He walked along the streets of Melbourne, Australia, but didn't see the car coming. Bill Nieder, fresh off an appearance at the 1956 Olympics, dodged the reckless taxi driver and got out of the way.
That was a close one.
But according to Nieder, the taxi driver made sure Nieder and his three friends heard his opinion on them being "bloody Americans." Let's just say that didn't exactly sit too well with Nieder.
"We stopped his car and tipped it upside down," Nieder, now 73, said. "After 1956, I was told by the Olympic officials at the time that it'd be my last Olympics."
It wasn't his last, though. Nieder's bad-boy, smash-mouth, in-your-face image preceded the infamous Oakland Raiders of the 1970s and Detroit Pistons of the late '80s/early '90s.
"He was the original rebel," his wife Sharon said.
Nieder won a silver medal in the shot put in the 1956 Olympics and was a virtual lock for the 1960 Olympics in Rome, where he won a gold medal. No one kept him out, even if he had to fight his way in.
On Saturday, Nieder will be inducted into the National Track and Field Hall of Fame in Indianapolis.
"This is one of the best experiences of my life," Nieder said. "I never thought I'd actually get in."
Nieder, who grew up in Lawrence and attended Kansas University, made his presence felt in the shot put at an early age. Most notably, he holds the Lawrence High shot put record of 60 feet, 9 3/8 inches - which once stood as a national prep record. The LHS record still stands in Nieder's name after 54 years.
"I think it will be broken - absolutely," said Nieder, now an Angels Camp, Calif., resident. "I'll even fly back from here and take the boy that breaks my record out to dinner."
Nieder said the reasons he thought the mark would eventually be broken stem from advanced weighlifting techniques that weren't around in his high school days, and better coaching.
The story of how Nieder overcame adversity to still capture Olympic gold is simply remarkable. In his days at KU, he wasn't just a shot put athlete. He also was an outstanding discus thrower with Al Oerter, a four-time Olympic gold medalist in the discus, as a friend and colleague.
Nieder also played football, as a big, fast middle linebacker and center. He earned high school All-America honors at Lawrence High and was considered a cinch for college stardom at Kansas. But when KU faced TCU in the 1953 season opener, Nieder, making his long-heralded debut as a sophomore, suffered a major leg injury.
"I never saw it coming at all," Nieder recalled. "Two plays before the half, I was blindsided. The play was over when it happened and I was completely relaxed. My leg penetrated into the turf while I had cleats on and everything came to a stop. I would say it was a cheap shot because the play was over."
Nieder was taken to the KU Medical Center hospital in Kansas City, where doctors told him they might have had to amputate his right leg.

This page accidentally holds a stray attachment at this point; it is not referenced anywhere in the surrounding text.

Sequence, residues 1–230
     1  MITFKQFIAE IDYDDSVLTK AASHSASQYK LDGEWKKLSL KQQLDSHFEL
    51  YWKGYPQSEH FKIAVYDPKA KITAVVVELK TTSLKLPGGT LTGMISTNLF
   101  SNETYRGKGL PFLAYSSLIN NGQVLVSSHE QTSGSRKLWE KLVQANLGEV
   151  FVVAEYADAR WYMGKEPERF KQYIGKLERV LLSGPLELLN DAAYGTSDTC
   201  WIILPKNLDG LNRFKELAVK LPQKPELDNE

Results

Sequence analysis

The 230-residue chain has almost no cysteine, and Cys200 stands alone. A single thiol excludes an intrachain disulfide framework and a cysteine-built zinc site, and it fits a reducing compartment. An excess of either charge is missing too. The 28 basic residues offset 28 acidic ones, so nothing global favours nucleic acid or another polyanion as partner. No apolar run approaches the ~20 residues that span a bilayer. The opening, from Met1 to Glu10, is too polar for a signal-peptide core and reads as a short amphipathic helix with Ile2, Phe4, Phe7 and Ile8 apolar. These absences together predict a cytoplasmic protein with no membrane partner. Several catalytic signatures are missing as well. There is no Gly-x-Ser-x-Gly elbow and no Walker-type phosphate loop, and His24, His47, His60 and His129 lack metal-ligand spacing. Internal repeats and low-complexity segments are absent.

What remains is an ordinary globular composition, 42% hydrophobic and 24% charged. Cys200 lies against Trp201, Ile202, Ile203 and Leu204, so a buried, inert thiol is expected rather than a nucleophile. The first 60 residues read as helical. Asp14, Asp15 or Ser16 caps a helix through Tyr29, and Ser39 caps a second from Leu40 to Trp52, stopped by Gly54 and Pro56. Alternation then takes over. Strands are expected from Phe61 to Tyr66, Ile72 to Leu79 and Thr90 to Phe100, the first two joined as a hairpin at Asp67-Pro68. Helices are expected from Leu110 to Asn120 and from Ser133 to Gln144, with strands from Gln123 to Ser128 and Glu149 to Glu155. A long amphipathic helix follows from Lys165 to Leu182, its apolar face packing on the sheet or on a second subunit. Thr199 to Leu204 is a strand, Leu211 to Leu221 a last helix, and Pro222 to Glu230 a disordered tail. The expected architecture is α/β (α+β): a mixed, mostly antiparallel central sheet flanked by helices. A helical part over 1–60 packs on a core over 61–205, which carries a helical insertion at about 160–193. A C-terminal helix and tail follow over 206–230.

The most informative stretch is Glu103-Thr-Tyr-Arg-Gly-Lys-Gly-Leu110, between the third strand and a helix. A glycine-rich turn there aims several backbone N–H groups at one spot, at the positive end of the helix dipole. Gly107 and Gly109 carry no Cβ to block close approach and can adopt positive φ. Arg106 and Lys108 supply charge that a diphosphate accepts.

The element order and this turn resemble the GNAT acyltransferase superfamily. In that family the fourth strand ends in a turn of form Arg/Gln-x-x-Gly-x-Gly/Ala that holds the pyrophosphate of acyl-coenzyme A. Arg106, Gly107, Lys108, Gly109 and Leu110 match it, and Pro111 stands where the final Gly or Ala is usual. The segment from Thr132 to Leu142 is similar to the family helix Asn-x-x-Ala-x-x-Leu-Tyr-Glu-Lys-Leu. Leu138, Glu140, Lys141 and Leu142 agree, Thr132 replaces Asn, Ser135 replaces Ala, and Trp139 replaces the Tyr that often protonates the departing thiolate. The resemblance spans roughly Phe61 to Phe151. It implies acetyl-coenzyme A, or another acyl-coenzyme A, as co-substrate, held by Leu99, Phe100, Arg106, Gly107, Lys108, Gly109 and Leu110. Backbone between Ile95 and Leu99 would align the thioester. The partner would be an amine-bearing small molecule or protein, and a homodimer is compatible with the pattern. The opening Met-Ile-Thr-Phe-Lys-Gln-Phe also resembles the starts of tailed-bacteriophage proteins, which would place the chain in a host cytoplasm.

"I was told by the doctor that my athletic career was over," Nieder said.
Nieder's family, particularly an adamant father, refused to let doctors amputate his leg. After nearly eight hours of surgery and the constant support of Dean Nesmith, the famed KU trainer of 50 years, Nieder felt confident he and his family made the proper decision.
A painful, rigorous rehabilitation saw Nieder letting the widely noted Nesmith control the process. Nieder said Phog Allen, who coached Kansas basketball for 39 years, also helped greatly. Nieder noted how Allen was well-known for his osteopathic manipulation to cure ailing athletes.
The rehab went so well that Nieder won the aforementioned silver medal in 1956 after tremendous preparation efforts.
Right before the 1960 Olympic trials, Nieder said he hurt his right knee water skiing and only placed in the trials. He didn't initially qualify to return to the Olympics in 1960 but was kept as an alternate. Three track meets remained before the team took off for Rome. Nieder proceeded to place first in the shot put in all three meets. In the third one, he broke the world record with a 65-foot, 10-inch throw. He had battled his way, in typical Nieder fashion, into the rotation.
"Peyton Jordan, the Stanford track coach at the time, gave me a call at 3 a.m. and said I was on the Olympic team," Nieder said. "I became the first alternate ever to get a gold medal in the shot put."
Nieder has lived in Angels Camp with Sharon, 63, for a year and a half now. Before that, he lived in Mountain Ranch, Calif., for 20 years. Bill and Sharon have been married for nearly 26 years.
Bill had a lucrative career as a salesman for synthetic athletic surfacings, such as AstroTurf, then later got deeply involved in selling and setting up restraining areas, sometimes referred to as "rubber rooms," for agencies such as mental hospitals and prisons. He traveled the world over in this venture and gained a wide reputation for his expertise and advice.
"He still has the mind of a 30-year-old," Sharon said. "It's hard to believe he's 73."
Nieder said he hadn't picked up a shot in six or seven years. When he goes to the Hall of Fame in Indianapolis, he'll again have to handle the 16-pound ball for a little while, though.
"I'm giving the shot that I broke the world record with to the Hall of Fame," Nieder said.